Categories
Project: Visualization

Care For a Song?

My research focused on the lyrics of American presidential campaign songs.  While I personally wanted to do something with music history, I also wanted to explore what purpose music had in the grandest political machine in the country.  Ultimately, I had two major questions: how did the choice of song affect a candidate’s campaign, and did song selections among parties convey different messages?  I also wanted to keep this study fairly modern since the twentieth-century commodification of pop culture is a unique part of today’s campaigns.  Therefore, I went from Franklin Roosevelt to Donald Trump.  While my first question would be hard to answer visually, my second question could be done so.  Analyzing the songs’ lyrics could be done visually.  To do this, I needed to focus on text mining, and a tool which could show trends in text.  So I chose to use Voyant, which is a tool that takes the entirety of a text and shows a word scramble.  This enables somebody to look at the resulting image and identify the most frequent words that show up in the text, which can give an idea of a particular tone or message.  However, if ‘the’ showed up too much, it would be the biggest word which would show nothing.  So I did edit the lyrics I entered to get rid of such articles, as well as third-person pronouns.  I wanted to focus on the words which would actually convey a message, if possible.  Ultimately, I found that there were clear differences in the messages of the songs based on a party line.  Republican-chosen songs tended to include words which reinforced a message of country, freedom, and strength.  Democratic-chosen songs tended towards messages of hope and a can-do attitude.  This shows that there is a possibility at songs being chosen by candidates along broader ideas than personal affinity of the candidate. My findings can be seen at https://voyant-tools.org/?corpus=3c36fd03ac4fba22618fd1b8233bf3d4 for the total aggregate, https://voyant-tools.org/?corpus=7027e2b5011a493d55aa92a3d6948967 for the Republican-only aggregate, and https://voyant-tools.org/?corpus=bfdb07fcd8af93d003c2e02a48d048b7 for the Democratic-only aggregate of lyrics.

The historical scholarship on presidential campaigns music is scarce.  There are a few articles I found about nineteenth-century campaigns, but nothing that really helped for my chosen period.  My main sources were popular newspaper articles, such as USA Today, along with lyric pages for the actual song lyrics.

SOURCES

Griffiths, ,Michael. “American Presidential Campaign Songs That Have Backfired on the Candidates.” The Independent. February 19, 2016. https://www.independent.co.uk/arts-entertainment/music/features/american-presidential-campaign-songs-that-have-backfired-on-the-candidates-a6883811.html

Murse, Tom. “List of Campaign Songs Used by Presidential Candidates.” Thoughtco. August 14, 2019. https://www.thoughtco.com/list-of-presidential-campaign-songs-3367523

History – Music in Politics. 2020. https://wordpress.clarku.edu/musc210-mip/american-campaign-songs/history/

McDermott, Maeve. “Election Day Playlist: 15 Famous Campaign Songs.” USA Today. November 1, 2018. https://www.usatoday.com/story/life/music/2018/11/01/election-day-playlist-15-famous-campaign-songs/1833234002/

http://www.azlyrics.com

http://www.lyricfind.com

Categories
Project: Visualization

A Stitch in Time: Samplers

Samplers are a girlhood art, and for many, their only real chance at schooling. I started this project, wanting to look at how the samplers changed over time, containing it to a geographic region to limit my sample size and influence.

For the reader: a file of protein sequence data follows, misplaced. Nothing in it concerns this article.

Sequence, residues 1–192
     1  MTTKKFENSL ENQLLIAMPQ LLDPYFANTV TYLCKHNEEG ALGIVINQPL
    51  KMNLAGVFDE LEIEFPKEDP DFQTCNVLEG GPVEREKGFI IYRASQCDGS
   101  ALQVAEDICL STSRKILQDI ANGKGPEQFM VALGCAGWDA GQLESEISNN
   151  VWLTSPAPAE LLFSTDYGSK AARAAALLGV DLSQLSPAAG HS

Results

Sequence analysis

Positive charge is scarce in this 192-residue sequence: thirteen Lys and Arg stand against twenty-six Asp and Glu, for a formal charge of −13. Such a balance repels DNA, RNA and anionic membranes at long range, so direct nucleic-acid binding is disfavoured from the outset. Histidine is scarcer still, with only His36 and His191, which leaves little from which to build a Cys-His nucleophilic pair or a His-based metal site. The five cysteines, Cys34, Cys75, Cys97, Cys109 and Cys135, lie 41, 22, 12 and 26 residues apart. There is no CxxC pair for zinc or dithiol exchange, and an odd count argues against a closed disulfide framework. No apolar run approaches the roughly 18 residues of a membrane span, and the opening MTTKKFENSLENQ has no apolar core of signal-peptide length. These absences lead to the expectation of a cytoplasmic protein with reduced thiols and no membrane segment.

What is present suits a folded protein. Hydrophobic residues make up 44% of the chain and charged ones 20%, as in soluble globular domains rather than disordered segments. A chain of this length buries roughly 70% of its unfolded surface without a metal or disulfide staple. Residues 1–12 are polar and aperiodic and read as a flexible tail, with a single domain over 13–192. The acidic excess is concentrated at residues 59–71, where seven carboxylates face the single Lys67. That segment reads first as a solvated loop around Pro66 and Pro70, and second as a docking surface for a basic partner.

As for what has been written, there is not much, and most of it is old. The most recent source that I used came from 1991, and the earliest of which from 1921. The databases where I got the majority of my information from are much more recent. 

I focused my research on New England, leaving out the later developments in other areas of the country. I kept my research between a three hundred year period to get a more general sense of how the samplers had changed over time, becoming more elaborate and decorative, rather than just a place to copy patterns and stitches. 

My conclusion, after studying these samplers and the stitches, is that the samplers got more elaborate and complicated as the cost of making them went down, allowing for more thread and creativity, and an increase in girl’s education, allowing for more complex stitches and patterns to be used. The ages of the girls were usually somewhere between 10-15, done in whatever free time a girl had, as a way to practice letters, numbers, and stitching. The more elaborate, the better, with colors and stitches used, to better impress their community and any potential suitors.  

When looking into these samplers, I focused on the stitches the girl’s used, learning how to create the twelve most commonly used ones, as a way to see for myself what they girls did, and to show others how they were made, to show part of the process the girls did in making theirs.

Stitch Dictionary – https://www.flickr.com/photos/187319344@N08/albums

Categories
Project: Visualization

Lest We Forget: Surviving Katrina

Images of Hurricane Katrina 10 years ago

During late August and early September of 2005, Hurricane Katrina passed over New Orleans and wreaked devastation on the city. About a quarter of the residents could not or chose not to evacuate. For days they were stranded in poorly prepared federal shelters or within their homes. They watched as the canals winding through the city were destroyed and the water began to rise. Soon 80% of New Orleans was flooded and entire neighborhoods were destroyed. By the time the catastrophe was under control, 1,145 people had perished. In the aftermath, the city’s population was halved, and years passed before portions were rebuilt. Unfortunately, the reconstruction has led to gentrification and further inequality